BHP Billiton‘s $180 billion bid for Rio Tinto appears to be yet another firmly inconclusive step closer to reality. The world’s biggest miner, in hot pursuit of unwilling Rio since last fall, has formally filed with the European Commission for takeover clearance. The European Union’s executive arm and antitrust regulator has set a deadline for consideration of July 4. By then, it must approve, extend (briefly) or launch an investigation into the merger bid. Rio spurned BHP’s all-share offer shortly after BHP was required to put up or shut up by British regulators on Feb. 6. The filing was delayed for months during pre-filing talks with the European Commission. Analysts say the most contentious area is likely to be iron ore, since the combined firm would control around a third of seaborne trade in the raw material for making steel.

Casino and racetrack operator Penn National said it was unlikely to receive necessary regulatory approvals before an upcoming merger deadline for its acquisition by a group led by Fortress Investment. Fortress and Centerbridge Partners agreed in June 2007 to buy Penn National for $67 a share, or $6.1 billion. In March, the company said the per share amount will be increased by $0.0149 per day if the buyout is not completed by June 15. Penn said approvals for the merger remain pending before a number of state regulatory authorities. Gambling and racing activities are individually controlled by states, so the company needs the green light from each state it operates in.

Lenny Dykstra likes his options

baseballbat.jpgLenny Dykstra, the New York Mets and Philadelphia Phillies legend who got 1,298 base hits during his career, loves options.

Speaking at a feel-good event in New York featuring a group of former sports pros to discuss how sports informed their approach to business, Dykstra, who counts television stock picker Jim Cramer among his admirers for his investing prowess, likens pursuing a buy and hold strategy for stocks to “being hit with an idiot stick.” Options, on the other hand, spare you from margin calls, he explained before launching into the finer points of calls, puts, and straddles.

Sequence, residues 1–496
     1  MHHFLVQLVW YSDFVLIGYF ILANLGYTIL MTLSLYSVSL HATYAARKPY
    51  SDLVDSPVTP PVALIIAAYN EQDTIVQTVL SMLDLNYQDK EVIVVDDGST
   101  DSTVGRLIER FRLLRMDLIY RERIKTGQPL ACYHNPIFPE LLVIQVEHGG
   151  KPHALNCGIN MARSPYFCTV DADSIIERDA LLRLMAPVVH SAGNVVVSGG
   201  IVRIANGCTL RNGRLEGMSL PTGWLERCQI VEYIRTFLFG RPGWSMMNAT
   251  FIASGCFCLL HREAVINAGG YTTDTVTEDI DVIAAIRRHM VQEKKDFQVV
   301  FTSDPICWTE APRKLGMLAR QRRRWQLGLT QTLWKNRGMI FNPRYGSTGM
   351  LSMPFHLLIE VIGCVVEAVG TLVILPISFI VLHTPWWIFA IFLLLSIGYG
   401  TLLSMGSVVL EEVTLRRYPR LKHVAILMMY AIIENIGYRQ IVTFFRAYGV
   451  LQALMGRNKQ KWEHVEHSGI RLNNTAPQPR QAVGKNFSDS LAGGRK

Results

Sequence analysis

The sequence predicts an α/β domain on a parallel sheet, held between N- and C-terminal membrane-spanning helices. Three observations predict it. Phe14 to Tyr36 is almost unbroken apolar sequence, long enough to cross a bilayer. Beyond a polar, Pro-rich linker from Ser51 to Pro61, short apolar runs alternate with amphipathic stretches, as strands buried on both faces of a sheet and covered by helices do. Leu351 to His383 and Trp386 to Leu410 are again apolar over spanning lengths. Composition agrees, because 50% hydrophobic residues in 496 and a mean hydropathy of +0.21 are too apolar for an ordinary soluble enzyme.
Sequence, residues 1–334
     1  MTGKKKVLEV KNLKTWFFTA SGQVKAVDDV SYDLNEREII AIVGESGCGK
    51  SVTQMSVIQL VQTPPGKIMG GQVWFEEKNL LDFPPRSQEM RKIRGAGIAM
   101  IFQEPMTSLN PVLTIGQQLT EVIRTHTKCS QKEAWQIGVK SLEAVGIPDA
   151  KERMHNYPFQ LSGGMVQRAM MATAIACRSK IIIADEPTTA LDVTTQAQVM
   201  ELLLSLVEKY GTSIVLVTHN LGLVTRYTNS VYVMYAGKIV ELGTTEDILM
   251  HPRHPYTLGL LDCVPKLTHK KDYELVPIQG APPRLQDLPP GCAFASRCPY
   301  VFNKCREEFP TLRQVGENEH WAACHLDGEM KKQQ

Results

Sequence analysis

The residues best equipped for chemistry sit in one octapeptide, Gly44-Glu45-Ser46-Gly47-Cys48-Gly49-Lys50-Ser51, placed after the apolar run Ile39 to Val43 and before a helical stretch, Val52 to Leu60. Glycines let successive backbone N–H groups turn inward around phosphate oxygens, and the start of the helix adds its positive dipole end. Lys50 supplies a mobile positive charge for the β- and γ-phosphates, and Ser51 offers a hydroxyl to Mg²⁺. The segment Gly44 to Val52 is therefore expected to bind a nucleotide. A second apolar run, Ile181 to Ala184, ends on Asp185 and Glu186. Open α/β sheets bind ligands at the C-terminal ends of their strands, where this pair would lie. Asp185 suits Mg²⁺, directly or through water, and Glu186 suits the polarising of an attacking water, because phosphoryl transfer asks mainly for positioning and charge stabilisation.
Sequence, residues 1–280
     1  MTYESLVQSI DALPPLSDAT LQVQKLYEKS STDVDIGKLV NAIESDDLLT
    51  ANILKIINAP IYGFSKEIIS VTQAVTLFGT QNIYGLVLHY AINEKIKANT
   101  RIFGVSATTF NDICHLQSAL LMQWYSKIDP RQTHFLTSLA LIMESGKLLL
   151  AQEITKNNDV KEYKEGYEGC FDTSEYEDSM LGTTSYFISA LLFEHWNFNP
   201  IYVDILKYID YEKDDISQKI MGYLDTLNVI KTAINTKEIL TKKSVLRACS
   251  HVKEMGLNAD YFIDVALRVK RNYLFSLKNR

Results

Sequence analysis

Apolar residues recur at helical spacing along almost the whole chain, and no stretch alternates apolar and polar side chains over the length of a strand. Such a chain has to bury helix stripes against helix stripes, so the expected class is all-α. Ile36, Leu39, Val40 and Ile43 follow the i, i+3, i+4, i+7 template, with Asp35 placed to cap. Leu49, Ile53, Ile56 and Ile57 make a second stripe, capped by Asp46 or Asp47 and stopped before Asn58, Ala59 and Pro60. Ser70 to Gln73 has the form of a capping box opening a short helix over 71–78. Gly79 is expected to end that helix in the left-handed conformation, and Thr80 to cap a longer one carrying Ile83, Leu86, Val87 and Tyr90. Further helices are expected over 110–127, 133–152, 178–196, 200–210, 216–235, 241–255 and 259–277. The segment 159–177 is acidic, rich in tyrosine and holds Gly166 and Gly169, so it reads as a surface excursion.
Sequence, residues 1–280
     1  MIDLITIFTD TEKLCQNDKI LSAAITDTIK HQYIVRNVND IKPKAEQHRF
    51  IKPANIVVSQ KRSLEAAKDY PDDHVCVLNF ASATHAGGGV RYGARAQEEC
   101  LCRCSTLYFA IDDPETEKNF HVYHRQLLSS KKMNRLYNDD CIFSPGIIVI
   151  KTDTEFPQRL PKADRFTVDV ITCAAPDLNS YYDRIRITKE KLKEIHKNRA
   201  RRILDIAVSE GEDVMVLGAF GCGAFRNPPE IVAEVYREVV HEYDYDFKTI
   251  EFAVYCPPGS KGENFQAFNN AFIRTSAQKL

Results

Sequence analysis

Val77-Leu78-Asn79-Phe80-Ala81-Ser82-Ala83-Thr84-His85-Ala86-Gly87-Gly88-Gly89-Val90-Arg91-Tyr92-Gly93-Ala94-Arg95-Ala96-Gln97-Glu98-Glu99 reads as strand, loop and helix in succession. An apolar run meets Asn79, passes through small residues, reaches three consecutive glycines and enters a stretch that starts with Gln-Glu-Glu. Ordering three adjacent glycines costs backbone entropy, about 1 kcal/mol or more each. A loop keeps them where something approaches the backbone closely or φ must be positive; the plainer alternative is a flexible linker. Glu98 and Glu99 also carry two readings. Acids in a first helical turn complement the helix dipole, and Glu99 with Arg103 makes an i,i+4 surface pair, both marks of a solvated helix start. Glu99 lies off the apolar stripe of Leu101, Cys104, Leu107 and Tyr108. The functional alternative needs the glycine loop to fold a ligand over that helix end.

Dykstra’s advice didn’t end there. When a star-struck member of the audience at the Thomson Reuters newsmaker event asked about the value of financial advisors, Dykstra animatedly dismissed them as “Wally Wall Streets.”

The history of the NYSE, in dance

If writing about music is like dancing about architecture, to what can we compare the difficult task of dancing about a stock exchange?

The Buglisi Dance Theatre took on the challenge this week, performing “Under the Buttonwood Tree.com (A Frenzy on the Floor)” on a stage in front of the New York Stock Exchange’s American flag-covered facade.

It began with a gold-bedecked woman, who rang a gong (a la the opening bell) while flanked by a squad of men carrying green flags. The dance company then performed a 35 minute history of the NYSE, from the Buttonwood Agreement of 1792 to the end of World War II. That’s right: no mention of the Dick Grasso years, or haunting pas de deux to represent disappearing floor traders.

Analyst puzzles over Sears’ higher EBITDA plans

sears.jpgSears Holdings Corp reported a quarterly loss this morning. But the thing that left analysts like Credit Suisse’s Gary Balter scratching their heads was the company’s expectations for higher earnings before interest, taxes, depreciation and amortization (EBITDA) for the full year.

“We are struggling with what we are missing in the context of Q1 being down over $385 million in EBITDA and other comments in the release that talk about the expected difficult sales and gross margin environment,” Balter said in his research note.

Sears said sales fell about 6 percent to $11.1 billion in the quarter. Total U.S. same-store sales were down 8.6 percent as the appliance, lawn, garden and apparel segments languished.

Product cost inflation is real, it’s very real

cashregister.jpgDuring Big Lots’ conference call, the closeout retailer was asked what it is seeing in terms of product cost inflation, especially when it comes to merchandise that is sourced in Asia.

CEO Steve Fishman was unambiguous in his answer: “That’s real. That’s very real”

Fishman said factors like the devaluation of the dollar and rising salaries overseas are making sourcing products from Asia more expensive.